Patricia O. Covarrubias Profile

ProfilesPatricia O. Covarrubias (Ph.D. University of Washington, 1999) is Professor and Director of the Graduate Program in the Department of Chicana and Chicano Studies at the University of New Mexico (UNM). She is former faculty in the Department of Communication and Journalism, also at UNM in Albuquerque, New Mexico.

Patricia Covarrubias

Her previous careers include work as a broadcast journalist for KCRA-TV (NBC affiliate in Sacramento, California) and owner of OCELOTL, a consulting company providing presentation skills to US and Japanese business persons. Her academic research focuses on understanding and describing how local cultures influence people’s ways of communicating and vice versa, and on describing how culturally-grounded communicative practices reflect and create a unique life for groups of people. Ultimately, she is interested in the influence of culture and cultural diversity in the activities and events of everyday life across a variety of contexts. Her research goals include contributing to the ethnography of communication, to language and social interaction approaches, and to Mexicanx and Chicanx communicative practices. Further, her aim is to contribute to cultural and intercultural communication, metaphors as communication, and the much-understudied area of generative communicative silence. In whatever context, her professional passions and research impetus are driven by personal ideals for achieving social inclusivity and justice, improving institutional (and other) contexts, more peaceful living, richer multicultural experience, and greater benefits from our human socio-cultural distinctiveness.

In the area of communicative silence she is interested in exploring silences as “generative” rather than “consumptive” enactments.  For example, she studied silence as a generative means for perpetuating, particularizing, and/or protecting culture. To this research she would like to add uses of silence to enact social resistance for purposes of emancipation. Also, she is interested in studying the kinds of social worlds people create when competing culturally situated silences collide. For example, using American Indian examples, she has taken a critical look at silence enactments that reveal “discriminatory silence” within the context of the college classroom. In future work, she hopes to explore the silencing of women who practice orthodox religions, particularly to not exclusively, in college contexts. The study of communicative silence is a much under-studied and under-theorized aspect in the field of communication, among other academic fields, and her goal is to contribute to centralizing its importance in studies about human communication.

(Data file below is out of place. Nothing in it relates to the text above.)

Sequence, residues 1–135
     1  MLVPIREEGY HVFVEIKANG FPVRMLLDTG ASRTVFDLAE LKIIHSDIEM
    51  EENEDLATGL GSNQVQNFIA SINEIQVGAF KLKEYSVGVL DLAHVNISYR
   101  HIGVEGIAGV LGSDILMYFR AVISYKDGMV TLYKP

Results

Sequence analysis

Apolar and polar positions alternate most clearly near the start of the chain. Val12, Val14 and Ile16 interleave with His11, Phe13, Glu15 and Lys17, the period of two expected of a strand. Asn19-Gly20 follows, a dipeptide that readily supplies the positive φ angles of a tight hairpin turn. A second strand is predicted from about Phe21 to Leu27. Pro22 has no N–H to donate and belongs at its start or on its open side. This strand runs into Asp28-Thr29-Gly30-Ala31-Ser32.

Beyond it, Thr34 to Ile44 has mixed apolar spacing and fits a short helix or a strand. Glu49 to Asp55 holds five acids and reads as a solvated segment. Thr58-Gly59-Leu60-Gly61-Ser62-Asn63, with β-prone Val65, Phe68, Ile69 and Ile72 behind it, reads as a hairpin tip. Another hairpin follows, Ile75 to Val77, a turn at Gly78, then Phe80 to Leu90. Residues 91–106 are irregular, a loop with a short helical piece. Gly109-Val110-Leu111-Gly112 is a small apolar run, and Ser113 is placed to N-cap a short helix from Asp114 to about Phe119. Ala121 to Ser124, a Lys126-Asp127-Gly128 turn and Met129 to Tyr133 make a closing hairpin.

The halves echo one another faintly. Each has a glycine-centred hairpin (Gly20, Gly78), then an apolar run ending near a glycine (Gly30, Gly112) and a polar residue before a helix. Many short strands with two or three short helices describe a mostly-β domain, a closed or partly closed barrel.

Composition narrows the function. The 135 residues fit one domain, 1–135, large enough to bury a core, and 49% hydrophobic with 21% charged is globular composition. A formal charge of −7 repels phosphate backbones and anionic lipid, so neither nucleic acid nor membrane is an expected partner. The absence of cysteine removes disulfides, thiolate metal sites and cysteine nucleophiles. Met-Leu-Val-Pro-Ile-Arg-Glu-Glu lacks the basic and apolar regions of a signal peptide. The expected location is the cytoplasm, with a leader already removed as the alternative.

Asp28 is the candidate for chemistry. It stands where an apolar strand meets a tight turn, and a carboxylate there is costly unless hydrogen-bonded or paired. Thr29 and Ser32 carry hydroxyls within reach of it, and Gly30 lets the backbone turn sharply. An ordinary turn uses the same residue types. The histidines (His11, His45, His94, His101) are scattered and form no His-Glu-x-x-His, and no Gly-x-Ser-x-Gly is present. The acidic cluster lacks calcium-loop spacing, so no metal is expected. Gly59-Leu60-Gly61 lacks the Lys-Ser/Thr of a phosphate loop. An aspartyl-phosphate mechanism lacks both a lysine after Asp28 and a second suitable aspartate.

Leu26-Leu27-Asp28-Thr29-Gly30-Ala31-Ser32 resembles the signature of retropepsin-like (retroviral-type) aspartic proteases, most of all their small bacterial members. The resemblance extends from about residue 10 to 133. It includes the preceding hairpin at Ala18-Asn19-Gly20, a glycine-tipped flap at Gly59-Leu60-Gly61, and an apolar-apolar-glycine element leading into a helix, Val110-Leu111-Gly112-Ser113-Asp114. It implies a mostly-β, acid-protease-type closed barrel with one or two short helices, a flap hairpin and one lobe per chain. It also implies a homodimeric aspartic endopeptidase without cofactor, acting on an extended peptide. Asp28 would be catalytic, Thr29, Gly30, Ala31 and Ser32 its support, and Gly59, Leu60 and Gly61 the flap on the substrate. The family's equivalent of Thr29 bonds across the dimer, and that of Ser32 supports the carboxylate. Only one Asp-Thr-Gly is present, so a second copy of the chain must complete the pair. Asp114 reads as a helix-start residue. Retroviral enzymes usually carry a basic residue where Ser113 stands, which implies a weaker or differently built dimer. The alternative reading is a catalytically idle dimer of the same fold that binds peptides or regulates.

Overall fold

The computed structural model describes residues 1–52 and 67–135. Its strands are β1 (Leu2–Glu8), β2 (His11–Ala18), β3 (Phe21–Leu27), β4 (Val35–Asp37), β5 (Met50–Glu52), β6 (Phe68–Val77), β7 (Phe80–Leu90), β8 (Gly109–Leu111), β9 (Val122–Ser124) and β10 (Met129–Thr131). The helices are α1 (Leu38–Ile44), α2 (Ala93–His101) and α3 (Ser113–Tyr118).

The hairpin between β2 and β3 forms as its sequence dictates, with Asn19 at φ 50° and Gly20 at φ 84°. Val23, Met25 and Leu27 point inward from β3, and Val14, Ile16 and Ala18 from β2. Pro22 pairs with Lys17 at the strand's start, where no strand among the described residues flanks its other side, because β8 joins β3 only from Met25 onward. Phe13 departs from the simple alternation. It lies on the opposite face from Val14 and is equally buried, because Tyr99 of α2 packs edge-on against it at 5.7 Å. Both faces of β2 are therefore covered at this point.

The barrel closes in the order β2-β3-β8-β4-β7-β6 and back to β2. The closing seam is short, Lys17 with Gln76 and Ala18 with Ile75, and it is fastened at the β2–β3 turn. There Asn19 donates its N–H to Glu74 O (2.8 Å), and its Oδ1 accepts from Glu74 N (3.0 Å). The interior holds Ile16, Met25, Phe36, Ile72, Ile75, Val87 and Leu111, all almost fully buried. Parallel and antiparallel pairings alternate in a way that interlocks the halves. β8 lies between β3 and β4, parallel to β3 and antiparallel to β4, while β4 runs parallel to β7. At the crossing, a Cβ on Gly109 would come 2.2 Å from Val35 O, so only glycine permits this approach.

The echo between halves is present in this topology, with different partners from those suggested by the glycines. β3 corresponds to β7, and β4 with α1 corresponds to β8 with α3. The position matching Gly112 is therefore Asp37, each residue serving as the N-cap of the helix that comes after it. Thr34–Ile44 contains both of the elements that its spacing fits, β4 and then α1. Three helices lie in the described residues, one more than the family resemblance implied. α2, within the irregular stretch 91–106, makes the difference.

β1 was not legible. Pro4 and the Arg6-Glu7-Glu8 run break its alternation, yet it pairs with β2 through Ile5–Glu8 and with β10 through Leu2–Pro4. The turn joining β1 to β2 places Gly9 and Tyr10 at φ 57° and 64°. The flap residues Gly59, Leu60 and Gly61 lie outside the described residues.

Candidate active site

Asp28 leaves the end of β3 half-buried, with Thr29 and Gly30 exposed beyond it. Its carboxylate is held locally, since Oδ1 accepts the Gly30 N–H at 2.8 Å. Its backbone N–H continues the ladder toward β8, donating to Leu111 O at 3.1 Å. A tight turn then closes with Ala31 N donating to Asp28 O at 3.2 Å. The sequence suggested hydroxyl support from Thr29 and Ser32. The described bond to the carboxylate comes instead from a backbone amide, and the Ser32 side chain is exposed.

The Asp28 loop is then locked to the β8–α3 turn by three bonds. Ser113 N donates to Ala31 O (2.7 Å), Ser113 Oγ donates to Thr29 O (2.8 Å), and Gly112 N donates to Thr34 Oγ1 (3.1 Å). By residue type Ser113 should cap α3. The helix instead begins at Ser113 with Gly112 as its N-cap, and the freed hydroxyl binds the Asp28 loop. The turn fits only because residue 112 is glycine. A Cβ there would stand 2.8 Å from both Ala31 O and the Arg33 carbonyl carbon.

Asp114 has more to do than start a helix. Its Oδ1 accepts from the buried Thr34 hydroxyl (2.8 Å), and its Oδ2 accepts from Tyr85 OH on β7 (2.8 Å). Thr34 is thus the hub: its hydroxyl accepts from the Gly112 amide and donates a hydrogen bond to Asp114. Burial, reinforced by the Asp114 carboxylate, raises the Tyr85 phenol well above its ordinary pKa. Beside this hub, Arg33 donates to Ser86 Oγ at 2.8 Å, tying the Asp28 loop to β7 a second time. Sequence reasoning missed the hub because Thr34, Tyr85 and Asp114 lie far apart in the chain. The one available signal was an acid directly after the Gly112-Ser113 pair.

Her past research includes ethnographic investigation of the ways of speaking of native Mexican construction workers and the ways they use pronominal address to create interpersonal webs that, in turn, enabled them to achieve workplace cooperation. This work was published as, Culture, Communication, and Cooperation: Interpersonal Relations and Pronominal Address in a Mexican Organization. Also, she co-authored Among Cultures: The Challenge of Communication, a textbook that applies the Ethnography of Communication and narrative approaches to the study of cultural communication. And, she was writer, co-producer, co-director, and co-editor of Trenzas: Margaret Montoya Stories, a documentary about the first Chicana to be admitted to Harvard Law School.